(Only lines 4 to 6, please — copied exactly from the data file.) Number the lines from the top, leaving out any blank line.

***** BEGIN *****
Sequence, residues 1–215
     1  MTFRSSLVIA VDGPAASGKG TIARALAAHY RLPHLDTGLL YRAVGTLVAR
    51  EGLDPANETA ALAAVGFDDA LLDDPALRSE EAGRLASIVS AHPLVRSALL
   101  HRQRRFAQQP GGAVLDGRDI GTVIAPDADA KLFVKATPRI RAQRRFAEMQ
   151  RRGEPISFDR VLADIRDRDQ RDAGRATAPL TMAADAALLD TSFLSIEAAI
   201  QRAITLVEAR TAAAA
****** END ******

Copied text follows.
   101  HRQRRFAQQP GGAVLDGRDI GTVIAPDADA KLFVKATPRI RAQRRFAEMQ
   151  RRGEPISFDR VLADIRDRDQ RDAGRATAPL TMAADAALLD TSFLSIEAAI
   201  QRAITLVEAR TAAAA